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The Way to Wealth: Ben Franklin on Money and Success
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The Art of Virtue. The Articles of Confederation. The Way To Wealth. The Autobiography of Benjamin Franklin. Fart Proudly. Poor Richard's Almanack and Other Writings. Bob Blaisdell. Selected Writings. How to write a great review. The review must be at least 50 characters long. In his autobiography, Franklin noted that he often worked past 11pm to get a job done, and that if necessary, he would stay overnight to redo it. Even as a young tradesman, Franklin sought to improve himself and his community.
He organized weekly meetings of a small group of other tradesmen and artisans, called a Junto. At the age of thirty, by which time his Pennsylvania Gazette was the most widely read newspaper in the colonies, Franklin campaigned to be made clerk of the Pennsylvania Assembly. This job was so boring that he often whiled away the time by making up mathematical puzzles, but it helped him make valuable connections. He used them to his advantage in bidding for lucrative government printing work.
Franklin, like his peers, could be relatively certain of his income from commissioned work, which included legal forms, contracts, licenses, sermons and pamphlets. But for bigger rewards, printers had to take bigger risks, by acting as publishers. If he misjudged his market, he could easily be left with a stack of unsold volumes on his hands. Franklin published all these types of material, but when his calculations convinced him that his investment in more daring ventures would be returned, he was prepared to take the risk.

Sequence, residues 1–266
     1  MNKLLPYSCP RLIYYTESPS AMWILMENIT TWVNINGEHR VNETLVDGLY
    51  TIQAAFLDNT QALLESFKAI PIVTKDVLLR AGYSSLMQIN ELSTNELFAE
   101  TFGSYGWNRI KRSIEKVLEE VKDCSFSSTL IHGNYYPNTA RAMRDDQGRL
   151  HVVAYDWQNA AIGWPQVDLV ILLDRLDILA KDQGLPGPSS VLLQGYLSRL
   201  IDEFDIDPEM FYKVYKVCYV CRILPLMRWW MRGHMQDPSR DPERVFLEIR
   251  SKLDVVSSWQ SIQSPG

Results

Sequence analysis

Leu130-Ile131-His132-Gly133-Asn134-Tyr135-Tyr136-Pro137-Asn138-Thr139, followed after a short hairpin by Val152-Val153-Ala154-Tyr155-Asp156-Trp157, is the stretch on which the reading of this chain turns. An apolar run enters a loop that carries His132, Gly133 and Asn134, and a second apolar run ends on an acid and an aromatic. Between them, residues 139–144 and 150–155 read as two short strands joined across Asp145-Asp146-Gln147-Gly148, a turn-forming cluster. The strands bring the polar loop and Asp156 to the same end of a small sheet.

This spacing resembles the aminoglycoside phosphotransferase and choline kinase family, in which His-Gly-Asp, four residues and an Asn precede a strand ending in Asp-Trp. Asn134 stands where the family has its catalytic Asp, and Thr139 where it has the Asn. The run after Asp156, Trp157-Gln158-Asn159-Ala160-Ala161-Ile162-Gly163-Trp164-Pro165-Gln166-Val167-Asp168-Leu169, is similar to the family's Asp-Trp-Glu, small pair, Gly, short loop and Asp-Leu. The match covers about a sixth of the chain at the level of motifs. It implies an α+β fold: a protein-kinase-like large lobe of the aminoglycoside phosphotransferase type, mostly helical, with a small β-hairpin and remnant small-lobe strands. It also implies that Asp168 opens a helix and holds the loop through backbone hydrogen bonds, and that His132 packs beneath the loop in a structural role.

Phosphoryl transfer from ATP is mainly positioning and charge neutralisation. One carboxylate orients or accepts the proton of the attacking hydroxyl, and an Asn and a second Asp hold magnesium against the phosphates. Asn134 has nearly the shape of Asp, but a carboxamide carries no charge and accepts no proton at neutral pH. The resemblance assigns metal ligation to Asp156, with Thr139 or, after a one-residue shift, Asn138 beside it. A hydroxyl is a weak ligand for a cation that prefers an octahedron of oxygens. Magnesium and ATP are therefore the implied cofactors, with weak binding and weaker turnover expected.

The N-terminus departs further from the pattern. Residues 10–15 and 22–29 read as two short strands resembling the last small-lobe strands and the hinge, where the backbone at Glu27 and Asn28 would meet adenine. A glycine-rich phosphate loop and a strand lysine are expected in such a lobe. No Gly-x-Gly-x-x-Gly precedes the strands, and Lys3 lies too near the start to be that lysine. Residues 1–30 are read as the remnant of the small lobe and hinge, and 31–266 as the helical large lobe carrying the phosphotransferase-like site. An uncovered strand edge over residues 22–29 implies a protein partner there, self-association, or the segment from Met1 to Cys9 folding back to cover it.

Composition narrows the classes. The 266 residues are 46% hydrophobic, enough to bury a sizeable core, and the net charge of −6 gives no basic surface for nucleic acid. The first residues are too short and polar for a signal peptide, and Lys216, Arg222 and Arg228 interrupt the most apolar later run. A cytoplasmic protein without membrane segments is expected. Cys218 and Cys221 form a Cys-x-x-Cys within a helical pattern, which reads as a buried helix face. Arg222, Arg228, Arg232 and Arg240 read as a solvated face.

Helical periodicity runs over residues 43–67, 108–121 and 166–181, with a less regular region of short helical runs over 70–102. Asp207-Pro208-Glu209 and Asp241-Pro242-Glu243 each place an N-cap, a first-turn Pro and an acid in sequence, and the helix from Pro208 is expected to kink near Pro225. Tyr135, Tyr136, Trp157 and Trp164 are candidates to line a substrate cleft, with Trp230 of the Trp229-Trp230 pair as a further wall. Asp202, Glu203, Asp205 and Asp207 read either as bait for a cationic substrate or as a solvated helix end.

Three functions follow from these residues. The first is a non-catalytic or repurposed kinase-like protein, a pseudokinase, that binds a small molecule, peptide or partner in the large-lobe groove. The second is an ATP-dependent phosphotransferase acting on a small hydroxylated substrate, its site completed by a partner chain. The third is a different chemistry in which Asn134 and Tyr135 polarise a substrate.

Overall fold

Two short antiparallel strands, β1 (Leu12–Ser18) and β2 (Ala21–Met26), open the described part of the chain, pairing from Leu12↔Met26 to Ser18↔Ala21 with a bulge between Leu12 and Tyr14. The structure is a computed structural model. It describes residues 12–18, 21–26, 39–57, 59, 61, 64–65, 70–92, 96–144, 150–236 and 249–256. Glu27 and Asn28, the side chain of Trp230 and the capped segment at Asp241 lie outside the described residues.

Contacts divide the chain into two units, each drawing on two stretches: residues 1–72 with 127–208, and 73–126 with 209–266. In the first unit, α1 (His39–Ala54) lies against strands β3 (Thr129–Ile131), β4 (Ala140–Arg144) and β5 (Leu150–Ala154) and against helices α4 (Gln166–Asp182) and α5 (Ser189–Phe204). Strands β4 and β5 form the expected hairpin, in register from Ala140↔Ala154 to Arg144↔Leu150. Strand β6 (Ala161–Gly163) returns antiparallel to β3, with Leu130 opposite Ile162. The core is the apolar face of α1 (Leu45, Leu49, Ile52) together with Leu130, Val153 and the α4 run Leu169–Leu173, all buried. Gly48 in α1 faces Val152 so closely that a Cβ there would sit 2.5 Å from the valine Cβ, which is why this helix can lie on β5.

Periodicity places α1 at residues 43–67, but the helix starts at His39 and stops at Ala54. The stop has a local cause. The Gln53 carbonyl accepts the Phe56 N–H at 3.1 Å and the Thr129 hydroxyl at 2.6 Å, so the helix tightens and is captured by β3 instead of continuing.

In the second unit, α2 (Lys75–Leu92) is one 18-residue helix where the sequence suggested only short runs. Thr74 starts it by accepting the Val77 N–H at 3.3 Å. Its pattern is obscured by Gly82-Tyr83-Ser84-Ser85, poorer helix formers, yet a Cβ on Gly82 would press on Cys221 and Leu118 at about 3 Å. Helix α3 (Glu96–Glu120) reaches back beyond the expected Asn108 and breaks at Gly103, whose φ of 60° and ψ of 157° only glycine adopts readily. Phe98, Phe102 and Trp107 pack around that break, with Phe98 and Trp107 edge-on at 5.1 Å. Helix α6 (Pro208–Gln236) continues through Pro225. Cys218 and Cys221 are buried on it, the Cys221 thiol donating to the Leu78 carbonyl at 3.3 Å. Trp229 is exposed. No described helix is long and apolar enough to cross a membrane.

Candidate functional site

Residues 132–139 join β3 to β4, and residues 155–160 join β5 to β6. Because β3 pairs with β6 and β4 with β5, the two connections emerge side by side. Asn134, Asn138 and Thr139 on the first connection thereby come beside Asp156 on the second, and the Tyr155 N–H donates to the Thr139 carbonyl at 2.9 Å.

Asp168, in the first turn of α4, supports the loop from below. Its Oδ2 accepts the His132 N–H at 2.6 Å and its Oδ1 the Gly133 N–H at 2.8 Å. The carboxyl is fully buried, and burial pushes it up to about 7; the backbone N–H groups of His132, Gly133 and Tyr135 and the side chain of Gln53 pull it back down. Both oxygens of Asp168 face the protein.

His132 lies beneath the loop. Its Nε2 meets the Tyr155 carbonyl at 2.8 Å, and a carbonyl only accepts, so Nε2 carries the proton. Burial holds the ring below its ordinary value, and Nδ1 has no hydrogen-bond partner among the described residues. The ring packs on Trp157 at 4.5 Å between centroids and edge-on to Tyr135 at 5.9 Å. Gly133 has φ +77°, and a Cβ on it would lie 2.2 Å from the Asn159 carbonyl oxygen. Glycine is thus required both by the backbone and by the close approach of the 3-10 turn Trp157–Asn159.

This resulted in several profitable bestsellers, but sometimes things still went wrong — for example, when he was left with an edition of the Psalms of David on his hands for two years! Franklin came up with solutions that turned potential problems into silver linings. Rather than risk one of his journeymen finding the backing to become a local competitor, Franklin came up with a basic franchising idea.
Franklin looked at the whole picture, guaranteeing supply, quality product, and distribution. He had taught himself to write well by reading essays from The Spectator, taking notes, and then trying to rewrite the articles from scratch.
ISBN 13: 9781402737893
He and his wife collected cotton rags the raw material of paper , invested in setting up paper mills, and eventually ran a thriving wholesale paper business. Having tackled supply, Franklin moved on to distribution, spending years lobbying for the top post office job in the colonies. When he finally became deputy postmaster, he invested in increased efficiency, cutting the delivery time from Philadelphia to New York down to a day, and set up the first home-delivery system and the first dead letter office.
Franklin also arranged for several of his friends and family to be named regional postmasters, thus expanding his publishing market and boosting his personal income. He was soon at the center of a sophisticated inter-colonial communications network, one of the most dynamic in the world.
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